One of the items cited in this article is a "lousy workflow" which paper creates...tricks of the trade here include an EHR, using Nuance Dragon Dictation and emailing patients...and he notes how expensive it is to answer the phone...patients are happy with getting lab results via email too...and with the practice in order, he finds time to serve as a part time consultant...BD
Eight years in the restaurant business before medical school taught Tom Landholt, M.D. some valuable lessons that he now applies to his practice. A focus on excellence in customer service is essential to all businesses, including the practice of medicine, he stresses.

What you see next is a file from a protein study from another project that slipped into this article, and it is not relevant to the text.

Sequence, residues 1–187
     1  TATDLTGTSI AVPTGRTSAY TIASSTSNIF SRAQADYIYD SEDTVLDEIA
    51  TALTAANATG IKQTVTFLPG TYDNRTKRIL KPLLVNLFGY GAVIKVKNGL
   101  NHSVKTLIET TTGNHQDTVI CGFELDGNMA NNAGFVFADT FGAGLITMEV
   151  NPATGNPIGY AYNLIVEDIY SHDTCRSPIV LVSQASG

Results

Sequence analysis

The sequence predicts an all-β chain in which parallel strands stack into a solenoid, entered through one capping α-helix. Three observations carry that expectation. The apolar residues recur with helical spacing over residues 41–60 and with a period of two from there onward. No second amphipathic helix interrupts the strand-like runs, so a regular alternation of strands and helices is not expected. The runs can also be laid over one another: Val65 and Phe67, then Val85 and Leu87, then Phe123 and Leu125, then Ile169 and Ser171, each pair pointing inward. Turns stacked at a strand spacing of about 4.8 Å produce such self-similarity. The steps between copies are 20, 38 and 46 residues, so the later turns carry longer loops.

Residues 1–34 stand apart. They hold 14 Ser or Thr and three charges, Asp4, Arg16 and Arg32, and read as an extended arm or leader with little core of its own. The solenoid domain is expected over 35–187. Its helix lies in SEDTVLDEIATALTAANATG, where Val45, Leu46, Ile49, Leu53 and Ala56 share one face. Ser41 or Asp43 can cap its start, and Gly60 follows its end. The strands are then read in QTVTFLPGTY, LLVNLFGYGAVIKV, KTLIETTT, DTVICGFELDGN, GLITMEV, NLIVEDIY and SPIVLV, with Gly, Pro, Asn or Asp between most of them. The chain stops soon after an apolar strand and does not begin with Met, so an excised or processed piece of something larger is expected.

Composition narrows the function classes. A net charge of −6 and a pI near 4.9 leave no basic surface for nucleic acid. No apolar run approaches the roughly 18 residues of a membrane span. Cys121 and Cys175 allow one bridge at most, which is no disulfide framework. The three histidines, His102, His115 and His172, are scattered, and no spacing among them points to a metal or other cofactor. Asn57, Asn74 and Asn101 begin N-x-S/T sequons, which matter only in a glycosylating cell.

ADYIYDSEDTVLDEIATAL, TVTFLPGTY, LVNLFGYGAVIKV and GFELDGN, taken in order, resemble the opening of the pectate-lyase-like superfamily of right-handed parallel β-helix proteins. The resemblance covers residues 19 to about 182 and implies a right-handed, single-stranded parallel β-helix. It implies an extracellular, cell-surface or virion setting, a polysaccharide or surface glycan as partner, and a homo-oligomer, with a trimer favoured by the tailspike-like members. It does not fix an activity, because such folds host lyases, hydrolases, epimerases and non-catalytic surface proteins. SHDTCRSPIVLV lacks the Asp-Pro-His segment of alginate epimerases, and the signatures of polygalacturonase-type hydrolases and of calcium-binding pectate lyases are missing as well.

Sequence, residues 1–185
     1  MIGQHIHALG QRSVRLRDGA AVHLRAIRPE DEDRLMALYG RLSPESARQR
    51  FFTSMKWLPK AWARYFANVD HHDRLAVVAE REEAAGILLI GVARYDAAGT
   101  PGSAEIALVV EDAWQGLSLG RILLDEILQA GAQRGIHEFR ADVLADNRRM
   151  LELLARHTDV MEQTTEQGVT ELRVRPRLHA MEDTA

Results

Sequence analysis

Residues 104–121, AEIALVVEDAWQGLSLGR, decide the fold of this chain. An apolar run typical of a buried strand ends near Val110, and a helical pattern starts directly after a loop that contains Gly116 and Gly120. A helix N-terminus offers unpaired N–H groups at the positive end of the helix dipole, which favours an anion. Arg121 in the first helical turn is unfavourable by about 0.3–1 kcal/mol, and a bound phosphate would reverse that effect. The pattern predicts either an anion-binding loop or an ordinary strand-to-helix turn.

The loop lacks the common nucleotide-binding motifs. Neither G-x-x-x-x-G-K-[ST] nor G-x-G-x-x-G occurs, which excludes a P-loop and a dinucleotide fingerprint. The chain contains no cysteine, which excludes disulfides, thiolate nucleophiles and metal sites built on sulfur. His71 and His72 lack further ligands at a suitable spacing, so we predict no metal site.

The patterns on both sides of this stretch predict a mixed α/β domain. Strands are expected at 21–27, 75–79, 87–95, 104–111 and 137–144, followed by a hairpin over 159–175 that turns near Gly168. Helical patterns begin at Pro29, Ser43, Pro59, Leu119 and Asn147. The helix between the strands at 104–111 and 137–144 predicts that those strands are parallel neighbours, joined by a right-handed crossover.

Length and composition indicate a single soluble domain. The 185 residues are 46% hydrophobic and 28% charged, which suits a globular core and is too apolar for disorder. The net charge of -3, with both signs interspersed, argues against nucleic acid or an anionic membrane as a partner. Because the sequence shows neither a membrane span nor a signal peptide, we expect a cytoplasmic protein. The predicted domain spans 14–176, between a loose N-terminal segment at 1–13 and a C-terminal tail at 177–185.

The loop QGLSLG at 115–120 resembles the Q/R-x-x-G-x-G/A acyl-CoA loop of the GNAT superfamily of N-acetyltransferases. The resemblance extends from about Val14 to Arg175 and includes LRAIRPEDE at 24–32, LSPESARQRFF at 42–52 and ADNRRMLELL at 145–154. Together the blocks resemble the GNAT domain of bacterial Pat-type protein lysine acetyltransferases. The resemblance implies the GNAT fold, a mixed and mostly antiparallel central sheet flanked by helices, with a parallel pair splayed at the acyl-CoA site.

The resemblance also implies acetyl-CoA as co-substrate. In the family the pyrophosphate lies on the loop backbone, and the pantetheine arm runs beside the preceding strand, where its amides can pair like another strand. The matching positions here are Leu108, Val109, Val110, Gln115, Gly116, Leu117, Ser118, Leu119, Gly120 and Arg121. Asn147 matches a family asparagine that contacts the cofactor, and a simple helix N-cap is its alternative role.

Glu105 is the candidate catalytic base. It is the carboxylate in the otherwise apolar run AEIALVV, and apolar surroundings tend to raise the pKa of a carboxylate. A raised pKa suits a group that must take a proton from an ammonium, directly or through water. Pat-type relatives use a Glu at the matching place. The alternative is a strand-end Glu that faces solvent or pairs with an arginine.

Without the technology, the practice would likely need at least three more support staff members and its margins would be much slimmer, Landholt contends.
“Most practices’ expenses are too high because they’ve never done cost accounting,” Hudson says. “Doctors need to go through the practice and identify ways to cut costs. There’s plenty of money to save by eliminating lousy workflows.”By relying on an electronic health record—Centricity from GE Healthcare, Waukesha, Wis. — the practice can handle a higher patient load, the physician contends. “My staff spends more time with patients than the average clinic because we’re not dealing with chasing paper,” he says. “The average doctor could probably see five more patients a day if they had access to all the right information. ”For the 10% of notes that must be dictated because of the level of detail, Landholt uses speech recognition software—Dragon NaturallySpeaking from Nuance Communications Inc., Burlington, Mass.